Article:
A variety of sucking bugs feed on quaking aspen trees' plant sap and can lead to the eventual demise of the tree. Fortunately, control methods are available to prevent tree death. To take the fear and guesswork out of dealing with bug infestations of your aspen, familiarize yourself with what to look for and what to do if pests become a problem in your home garden.
Quaking aspens (Populus tremuloides) are much more likely to experience and have trouble coping with a bug infestation when stressed compared to more resilient, vigorous trees. Care for your quaking aspen with growth in locations that provide full sunlight. This tree is not tolerant of shaded conditions. Ideal soil type is moist and well-drained with pH of 5.5 to 8.0, according to North Dakota State University Agriculture.
One type of quaking aspen tree bug problem is the oystershell scale. Oystershell scales overwinter as eggs and then adhere themselves to plant surfaces during the spring, according to the Colorado State University Extension. Another type of insect pest is the clear winged aspen aphid (Chairophorus populifoliae) that appears during the end of the summer after overwintering, as well. Aphids attack the foliage of the quaking aspen, according to the Colorado State University Cooperative Extension.
Oystershell scales, recognized by their small bodies that resemble oyster shells, as their name suggests, often remain on tree branches for up to three years, according to the Colorado State University Extension. Scales are "sucking" bugs that remove sap from plant tissue. Quaking aspens experience branch dieback and tree death in extreme cases. Though aphids usually only result in cosmetic damage to quaking aspens, these small bugs display clear wings and can be found on leaf surfaces where they also suck the sap from leaves. As aphids suck tissue fluid, they produce a sugary substance called honeydew which attracts a fungal germination of sooty mold, according to the Colorado State University Cooperative Extension. Sooty mold is an infection that leads to the presence of a blackish mold on leaves, further damaging your aspen.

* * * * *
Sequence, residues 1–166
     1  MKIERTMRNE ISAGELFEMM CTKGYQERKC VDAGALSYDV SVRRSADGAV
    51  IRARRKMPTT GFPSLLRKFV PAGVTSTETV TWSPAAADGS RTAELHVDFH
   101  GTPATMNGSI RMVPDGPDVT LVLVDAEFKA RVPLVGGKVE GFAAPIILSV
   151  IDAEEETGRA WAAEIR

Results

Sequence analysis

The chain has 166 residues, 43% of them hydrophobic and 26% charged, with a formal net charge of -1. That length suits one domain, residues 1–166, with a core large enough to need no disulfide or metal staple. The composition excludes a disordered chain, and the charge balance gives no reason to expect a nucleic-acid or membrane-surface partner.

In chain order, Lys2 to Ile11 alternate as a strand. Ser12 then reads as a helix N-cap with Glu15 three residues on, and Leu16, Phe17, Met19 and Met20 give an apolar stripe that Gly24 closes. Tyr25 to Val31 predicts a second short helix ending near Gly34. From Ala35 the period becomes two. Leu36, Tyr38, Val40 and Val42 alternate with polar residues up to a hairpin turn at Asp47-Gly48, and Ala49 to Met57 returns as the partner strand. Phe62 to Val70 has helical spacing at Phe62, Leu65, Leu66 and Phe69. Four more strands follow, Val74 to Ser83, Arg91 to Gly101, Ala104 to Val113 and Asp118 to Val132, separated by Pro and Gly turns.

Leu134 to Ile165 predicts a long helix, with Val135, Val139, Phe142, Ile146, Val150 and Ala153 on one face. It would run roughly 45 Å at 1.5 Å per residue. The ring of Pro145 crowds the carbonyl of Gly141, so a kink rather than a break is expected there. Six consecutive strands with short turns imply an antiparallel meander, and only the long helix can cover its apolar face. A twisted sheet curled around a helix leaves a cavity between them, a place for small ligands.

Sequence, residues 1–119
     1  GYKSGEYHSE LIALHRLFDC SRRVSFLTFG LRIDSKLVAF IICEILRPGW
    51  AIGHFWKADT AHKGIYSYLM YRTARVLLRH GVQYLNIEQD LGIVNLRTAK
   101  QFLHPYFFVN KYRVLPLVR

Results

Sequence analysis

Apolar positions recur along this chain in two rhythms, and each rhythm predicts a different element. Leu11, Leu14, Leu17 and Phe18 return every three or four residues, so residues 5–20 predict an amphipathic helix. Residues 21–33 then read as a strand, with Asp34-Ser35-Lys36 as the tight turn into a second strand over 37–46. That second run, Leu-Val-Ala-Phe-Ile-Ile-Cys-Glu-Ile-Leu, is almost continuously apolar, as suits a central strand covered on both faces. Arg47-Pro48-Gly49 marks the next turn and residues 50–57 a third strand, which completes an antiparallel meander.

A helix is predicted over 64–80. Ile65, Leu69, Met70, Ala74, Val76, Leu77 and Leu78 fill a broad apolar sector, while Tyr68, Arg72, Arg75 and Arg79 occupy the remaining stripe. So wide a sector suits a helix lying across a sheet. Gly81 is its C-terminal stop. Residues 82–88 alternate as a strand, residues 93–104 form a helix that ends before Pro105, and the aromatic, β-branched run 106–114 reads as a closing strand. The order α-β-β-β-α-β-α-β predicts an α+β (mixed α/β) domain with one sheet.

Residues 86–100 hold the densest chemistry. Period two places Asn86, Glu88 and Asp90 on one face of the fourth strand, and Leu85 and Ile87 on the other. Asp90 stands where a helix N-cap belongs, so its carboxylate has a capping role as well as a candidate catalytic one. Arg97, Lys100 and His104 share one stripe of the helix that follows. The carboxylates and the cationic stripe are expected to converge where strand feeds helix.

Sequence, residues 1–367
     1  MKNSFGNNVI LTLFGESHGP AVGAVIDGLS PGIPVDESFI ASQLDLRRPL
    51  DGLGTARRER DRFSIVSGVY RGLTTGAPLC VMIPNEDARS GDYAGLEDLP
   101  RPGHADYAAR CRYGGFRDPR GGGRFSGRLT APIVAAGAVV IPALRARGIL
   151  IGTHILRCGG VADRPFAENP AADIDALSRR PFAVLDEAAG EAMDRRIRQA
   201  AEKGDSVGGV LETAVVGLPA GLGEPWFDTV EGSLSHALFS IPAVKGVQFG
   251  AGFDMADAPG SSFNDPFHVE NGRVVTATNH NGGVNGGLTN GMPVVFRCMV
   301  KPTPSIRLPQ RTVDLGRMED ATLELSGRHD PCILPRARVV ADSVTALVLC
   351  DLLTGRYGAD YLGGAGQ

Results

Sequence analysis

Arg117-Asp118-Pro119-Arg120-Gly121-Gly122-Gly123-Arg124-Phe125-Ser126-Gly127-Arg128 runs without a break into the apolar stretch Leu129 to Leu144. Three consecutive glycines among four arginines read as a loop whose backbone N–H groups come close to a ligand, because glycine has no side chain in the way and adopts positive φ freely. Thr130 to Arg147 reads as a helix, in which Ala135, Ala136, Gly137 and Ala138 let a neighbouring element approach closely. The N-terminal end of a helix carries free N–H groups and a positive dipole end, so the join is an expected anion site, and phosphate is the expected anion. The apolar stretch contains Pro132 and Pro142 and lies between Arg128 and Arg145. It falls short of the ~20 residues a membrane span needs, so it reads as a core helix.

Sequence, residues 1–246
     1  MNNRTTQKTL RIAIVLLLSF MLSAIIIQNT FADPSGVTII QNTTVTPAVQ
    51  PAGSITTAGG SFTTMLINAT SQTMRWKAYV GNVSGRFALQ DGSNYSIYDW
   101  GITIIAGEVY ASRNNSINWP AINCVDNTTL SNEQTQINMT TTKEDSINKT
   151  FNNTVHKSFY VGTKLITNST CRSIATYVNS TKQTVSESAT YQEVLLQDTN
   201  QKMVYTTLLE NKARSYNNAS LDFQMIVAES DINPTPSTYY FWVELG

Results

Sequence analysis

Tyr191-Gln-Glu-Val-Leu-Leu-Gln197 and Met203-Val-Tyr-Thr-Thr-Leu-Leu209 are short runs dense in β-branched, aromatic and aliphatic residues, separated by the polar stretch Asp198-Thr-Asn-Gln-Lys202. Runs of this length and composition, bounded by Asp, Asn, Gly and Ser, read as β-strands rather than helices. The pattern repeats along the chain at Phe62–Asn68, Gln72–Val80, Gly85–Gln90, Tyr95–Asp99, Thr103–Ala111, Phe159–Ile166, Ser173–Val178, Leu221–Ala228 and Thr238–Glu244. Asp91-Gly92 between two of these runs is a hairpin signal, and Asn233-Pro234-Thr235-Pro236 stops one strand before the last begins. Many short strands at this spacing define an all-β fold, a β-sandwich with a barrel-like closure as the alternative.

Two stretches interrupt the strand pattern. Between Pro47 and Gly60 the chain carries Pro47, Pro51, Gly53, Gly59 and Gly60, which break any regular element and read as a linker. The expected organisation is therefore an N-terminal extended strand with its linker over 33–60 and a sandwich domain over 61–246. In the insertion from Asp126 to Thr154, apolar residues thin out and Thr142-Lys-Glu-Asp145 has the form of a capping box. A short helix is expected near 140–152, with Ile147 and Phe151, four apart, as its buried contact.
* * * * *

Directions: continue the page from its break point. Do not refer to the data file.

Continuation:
For natural control of quaking aspen tree bugs, remove oystershell scales with a plastic scrub brush, taking care not to damage bark or other plant surfaces, advises the Colorado State University Extension. For aphids, use a strong stream of water to knock them from the tree. Additionally, control for both bug problems includes the removal and destruction of affected plant parts to manage the insects and to avoid the invasion of fungi that attack weakened plants.
For chemical control of oystershell scales, chemical insecticides include those with the active ingredient acephate, carbaryl or bifenthrin. For both scales and aphids, consider use of oils like horticultural oil or dormant oil. Since oils kill on contact and can control overwintering eggs, apply these during the dormant season, generally from February to March, to your quaking aspen to prevent the emergence of bugs and to kill any adults. Oils are gentler and less toxic to humans and beneficial insects, so they provide effective control without creating more harm, according to the Colorado State University Cooperative Extension.